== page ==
But that fantasy has now become a bare bones fact.
Ever since terrorist Richard Reid tried to detonate a bomb hidden in his shoes, the government has been searching for a faster, more efficient way to detect plastic explosives.
"The technology we're using today, in some cases, can take 12 seconds to do a scan," says Randal Null, Chief Technology Officer of the Transportation Security Administration. "We'd like to drive that down to a few seconds."
So now, instead of looking at your shoes, Null says, "we are actually going to do a full body scan of an individual."
Airport security screeners have the ability to take the shirt right off your back, "so all anatomical features are shown," says Null.
It's called Backscatter X-ray — low levels of radiation that could deliver high levels of embarrassment at airports all across the country.
Cowan demonstrated what its going to end up showing folks to Diane Marsh who says, shaking her head, "Oh no. I don't like that. No I wouldn't like that."
Stacey and Elliot Goldstein of New York feel the same way.
"You feel like strangers are really looking at you," Stacey says. "I don't know; it would really creep me out."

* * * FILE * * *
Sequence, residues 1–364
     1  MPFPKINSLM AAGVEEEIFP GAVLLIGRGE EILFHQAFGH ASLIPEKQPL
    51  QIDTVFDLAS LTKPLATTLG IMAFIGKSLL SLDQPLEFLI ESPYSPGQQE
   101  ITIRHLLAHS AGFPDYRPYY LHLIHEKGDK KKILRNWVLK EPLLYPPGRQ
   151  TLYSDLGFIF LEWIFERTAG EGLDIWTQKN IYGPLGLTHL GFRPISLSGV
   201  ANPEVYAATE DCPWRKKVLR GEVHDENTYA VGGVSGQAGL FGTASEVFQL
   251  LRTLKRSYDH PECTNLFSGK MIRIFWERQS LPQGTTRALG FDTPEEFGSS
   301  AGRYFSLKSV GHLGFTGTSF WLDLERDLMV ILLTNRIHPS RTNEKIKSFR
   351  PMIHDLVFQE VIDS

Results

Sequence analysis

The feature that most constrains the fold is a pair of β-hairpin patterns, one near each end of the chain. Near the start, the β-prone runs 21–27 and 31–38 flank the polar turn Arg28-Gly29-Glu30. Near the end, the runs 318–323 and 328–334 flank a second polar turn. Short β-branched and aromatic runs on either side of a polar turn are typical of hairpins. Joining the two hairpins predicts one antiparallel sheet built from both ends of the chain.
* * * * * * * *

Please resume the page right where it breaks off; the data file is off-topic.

But would you rather be patted down or would you rather go through this?
The $200,000 machine has already been tested at Orlando's International airport — where the x-rays of men were even more revealing.
Even the manufacturer was a little surprised at the clarity of some of its images and is now trying to do something to cover them up -- coming up with something the company calls an "electronic fig leaf." But even without it, some passengers say it's okay to bare all.
Tanya Van Dorn from New York says she would be okay with that, "as long as they're not saving it and putting it on the Internet."
Miriam Schwarz agrees. "It's not nice, but I guess in the world we live in today, it probably has to be."
For now, the only thing passengers will have to continue to bare is their feet — a temporary fix to a problem some wish couldn't be so 'clearly' solved.